The Colorful Canopy: Fall In The Wissahickon

November 14, 2014 | by Bradley Maule


People been leaf peepers since the days of Lenni-Lenape | Photo: Bradley Maule

People been leaf peepers since the days of Lenni-Lenape | Photo: Bradley Maule

When I lived out west, what I missed most about living in Pennsylvania, without question, was the Northeast’s four seasons in excess—the oppressive heat and humidity of summer, the glut of winter snow, the pollenated rebirth of spring, and especially, the hillside hues of fall. After moving to Mt Airy, I’ve spent the past year wandering the many corners of Wissahickon Valley Park, (re)discovering its magic as so many have. But nothing comes close to the fall.

My obsession with the woods dates to my childhood in Tyrone, PA, but my most vivid woodland memories are sensory and unquestionably autumnal: riding with my mom to Indian Lookout to the serenade of Supertramp’s “Take the Long Way Home;” tasting the fresh pressed apple cider at Camp Blue Diamond with my grandparents; the cool, crisp smell of damp dead leaves everywhere.

My obsession with the Wissahickon dates back to July 2000, when on a weeklong visit to Philly from Tyrone, my friends Susan and Bekka took me on a hike to Devil’s Pool, where we watched kids jump from the rocks. I had to ask them a couple times if they were sure this was really the city of Philadelphia.

A postcard at every turn: Wissahickon Creek passing under the Bike Trail and Henry Avenue Bridges | Photo: Bradley Maule

A postcard at every turn: Wissahickon Creek passing under the Bike Trail and Henry Avenue Bridges | Photo: Bradley Maule

Nearly 15 years later, I sometimes still have to ask myself the same question. And sure enough, Friends of the Wissahickon’s estimate of 1.1 million annual visitors confirms that, yes, this is the fifth largest city in the country. And with that comes a need for constant care and maintenance—organized cleanups and work parties to plant trees and build and maintain trails. All of the above will take place tomorrow for the Love Your Park fall service day. Volunteers are welcome at parks all across the city—check the map for your local outlet and lend a hand.

And when you’re done, make sure to take a deep breath of that cool, November air and soak in what’s left of Pennsylvania’s exquisite autumn display.

* * *

Wissahickon Creek begins its 23-mile journey to the Schuylkill River unceremoniously as an outfall near the Montgomery Mall parking lot. From North Wales Township, it passes through places like Gwynedd Preserve, the borough of Ambler, Fort Washington State Park, and the Whitemarsh Country Club, where it reaches Philadelphia at Northwestern Avenue.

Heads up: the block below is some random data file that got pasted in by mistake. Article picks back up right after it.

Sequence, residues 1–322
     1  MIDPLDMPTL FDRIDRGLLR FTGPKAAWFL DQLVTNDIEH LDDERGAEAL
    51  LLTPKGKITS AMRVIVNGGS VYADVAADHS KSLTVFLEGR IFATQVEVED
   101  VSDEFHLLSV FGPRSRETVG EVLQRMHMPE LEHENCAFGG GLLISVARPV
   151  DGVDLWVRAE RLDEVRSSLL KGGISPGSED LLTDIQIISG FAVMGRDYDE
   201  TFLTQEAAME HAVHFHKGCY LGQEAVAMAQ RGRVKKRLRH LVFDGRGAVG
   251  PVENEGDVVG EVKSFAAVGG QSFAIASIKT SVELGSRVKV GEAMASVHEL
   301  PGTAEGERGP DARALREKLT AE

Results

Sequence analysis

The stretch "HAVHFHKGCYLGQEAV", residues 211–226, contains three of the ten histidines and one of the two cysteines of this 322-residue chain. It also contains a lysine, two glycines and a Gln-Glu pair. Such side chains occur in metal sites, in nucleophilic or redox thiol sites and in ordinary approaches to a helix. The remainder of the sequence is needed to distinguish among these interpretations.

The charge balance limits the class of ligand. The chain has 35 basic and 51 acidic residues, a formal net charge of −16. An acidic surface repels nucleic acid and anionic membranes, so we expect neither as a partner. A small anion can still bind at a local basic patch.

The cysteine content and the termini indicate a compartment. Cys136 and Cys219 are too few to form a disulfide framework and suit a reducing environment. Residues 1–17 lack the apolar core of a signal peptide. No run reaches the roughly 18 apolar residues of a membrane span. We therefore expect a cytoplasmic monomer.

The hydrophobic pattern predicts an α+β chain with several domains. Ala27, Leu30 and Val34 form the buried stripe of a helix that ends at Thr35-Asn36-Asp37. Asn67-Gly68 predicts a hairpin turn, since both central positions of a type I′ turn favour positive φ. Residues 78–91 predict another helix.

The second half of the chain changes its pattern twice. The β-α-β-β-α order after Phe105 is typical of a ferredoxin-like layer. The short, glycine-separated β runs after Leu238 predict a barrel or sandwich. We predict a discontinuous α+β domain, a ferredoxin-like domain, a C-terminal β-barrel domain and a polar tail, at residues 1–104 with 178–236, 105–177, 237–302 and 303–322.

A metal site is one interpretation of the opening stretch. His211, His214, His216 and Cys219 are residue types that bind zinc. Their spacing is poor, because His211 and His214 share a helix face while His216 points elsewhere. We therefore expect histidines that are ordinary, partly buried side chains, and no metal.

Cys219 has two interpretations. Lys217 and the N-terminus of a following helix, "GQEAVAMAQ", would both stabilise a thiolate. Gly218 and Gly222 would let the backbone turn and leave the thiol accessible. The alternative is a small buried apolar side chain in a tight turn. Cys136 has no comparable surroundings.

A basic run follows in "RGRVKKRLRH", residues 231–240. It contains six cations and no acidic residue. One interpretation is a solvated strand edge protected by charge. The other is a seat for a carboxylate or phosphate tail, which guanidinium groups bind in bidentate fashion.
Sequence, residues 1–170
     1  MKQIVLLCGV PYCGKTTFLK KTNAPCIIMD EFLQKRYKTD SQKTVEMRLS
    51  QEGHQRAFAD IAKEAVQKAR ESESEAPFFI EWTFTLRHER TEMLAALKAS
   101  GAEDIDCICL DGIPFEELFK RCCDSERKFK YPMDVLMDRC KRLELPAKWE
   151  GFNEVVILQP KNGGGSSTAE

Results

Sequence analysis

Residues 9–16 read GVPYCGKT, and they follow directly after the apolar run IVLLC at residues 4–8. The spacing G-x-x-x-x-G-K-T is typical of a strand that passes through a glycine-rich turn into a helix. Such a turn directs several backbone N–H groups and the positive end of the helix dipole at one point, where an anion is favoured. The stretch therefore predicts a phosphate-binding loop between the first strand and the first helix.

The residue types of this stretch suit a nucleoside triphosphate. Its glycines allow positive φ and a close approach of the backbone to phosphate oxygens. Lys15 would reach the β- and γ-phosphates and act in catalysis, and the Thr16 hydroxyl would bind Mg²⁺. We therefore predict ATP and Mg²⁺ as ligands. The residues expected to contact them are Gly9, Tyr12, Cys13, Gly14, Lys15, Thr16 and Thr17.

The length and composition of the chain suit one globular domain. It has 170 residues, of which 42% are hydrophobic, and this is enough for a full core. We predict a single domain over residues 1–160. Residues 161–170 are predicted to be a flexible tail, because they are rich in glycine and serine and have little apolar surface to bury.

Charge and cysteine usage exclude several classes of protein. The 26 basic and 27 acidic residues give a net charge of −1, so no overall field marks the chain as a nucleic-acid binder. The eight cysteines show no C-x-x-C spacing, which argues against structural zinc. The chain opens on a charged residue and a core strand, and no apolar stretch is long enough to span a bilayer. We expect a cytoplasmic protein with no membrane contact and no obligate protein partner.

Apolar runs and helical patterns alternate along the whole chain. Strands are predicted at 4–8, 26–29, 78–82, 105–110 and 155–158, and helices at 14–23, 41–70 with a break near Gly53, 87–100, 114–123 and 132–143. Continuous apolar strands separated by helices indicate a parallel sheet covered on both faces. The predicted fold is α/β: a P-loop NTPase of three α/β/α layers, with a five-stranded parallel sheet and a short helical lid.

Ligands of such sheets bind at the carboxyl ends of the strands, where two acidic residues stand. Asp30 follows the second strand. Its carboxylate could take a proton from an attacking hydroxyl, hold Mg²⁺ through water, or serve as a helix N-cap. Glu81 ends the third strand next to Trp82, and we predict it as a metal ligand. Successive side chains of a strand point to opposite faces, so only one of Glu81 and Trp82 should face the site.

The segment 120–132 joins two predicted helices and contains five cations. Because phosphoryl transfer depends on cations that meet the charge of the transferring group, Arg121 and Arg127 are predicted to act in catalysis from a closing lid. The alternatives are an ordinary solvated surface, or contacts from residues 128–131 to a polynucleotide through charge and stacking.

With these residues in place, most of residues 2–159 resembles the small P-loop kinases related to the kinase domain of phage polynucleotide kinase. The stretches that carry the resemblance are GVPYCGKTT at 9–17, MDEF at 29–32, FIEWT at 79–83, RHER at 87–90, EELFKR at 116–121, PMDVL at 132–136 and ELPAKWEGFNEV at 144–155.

The photos below, taken through October and early November, begin here and follow the Wissahickon’s final seven miles through the city of Philadelphia. They’re arranged geographically from north to south—from Morris Arboretum and Chestnut Hill College to Lincoln Drive and the Schuylkill River. Use your right and left arrow keys to move forward and back.

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* * *

As we arrive at Devil’s Pool, the most popular and geologically significant place in the entire park, let’s veer off of the main stem of Wissahickon Creek and follow Cresheim Creek—the Wissahickon’s biggest tributary—upstream. Thanks to the efforts and advocacy of the Friends of the Cresheim Trail, the Wissahickon’s trail network has added a brand new segment, extending the two-year-old Cresheim Trail to Germantown Avenue. Eventually, it will continue along the former right-of-way of the Fort Washington Branch of the Pennsylvania Railroad’s Chestnut Hill (West) line all the way to Fort Washington State Park and Arcadia University.

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* * *

Now we’re back at Devil’s Pool—the mouth of the Cresheim Creek—to ride the Wissahickon Creek all the way to its conclusion, the confluence of the Schuylkill River.


If you like what you see in the video, click HERE to donate to Hidden City’s fall campaign.


About the Author

Bradley Maule Bradley Maule is a former co-editor of the Hidden City Daily and the creator of Philly Skyline. He's a native of Tyrone, Pennsylvania, and he's hung his hat in Shippensburg, Germantown, G-Ho, Fishtown, Portland (Oregon), Brewerytown, and now Mt. Airy. He just can't get into Twitter, but he's way into Instagram @mauleofamerica.


  1. James F Clark says:

    Beautiful pictures…..thank you very much.

  2. Jim says:

    Brad, amazing work. I don’t often get to wander through the Wissahickon, so these beautiful photos are certainly a great reminder of Philly’s amazing natural beauty and resources. There’s nothing quite like Philly in the fall.

    Thanks for sharing!

  3. Davis says:

    Mr Maule, these are photographs of astonishing beauty. Thank you.

    1. Jody says:

      Beautiful photographs Brad! Philadelphia is so fortunate to have a treasure like “Hidden City”.
      Thank you!

  4. Bradley Maule says:

    Thanks all – most appreciated!

  5. Tom says:

    Great pics!

    When do you think is the best time to visit the park for fall foliage? Late october or early November?

    1. Bradley Maule says:

      I’d say you can’t go wrong in that whole timeframe, but to narrow it down a bit, in this part of the country, I’d say the last week of October/first week of November is usually best. That was definitely the case this year.

  6. Jim B says:

    Nice tour. Thanks.

    Several years ago, over a 2-3 week period, I hiked the full length, both sides from Northwestern to the Schuylkill. It is a Philly treasure.

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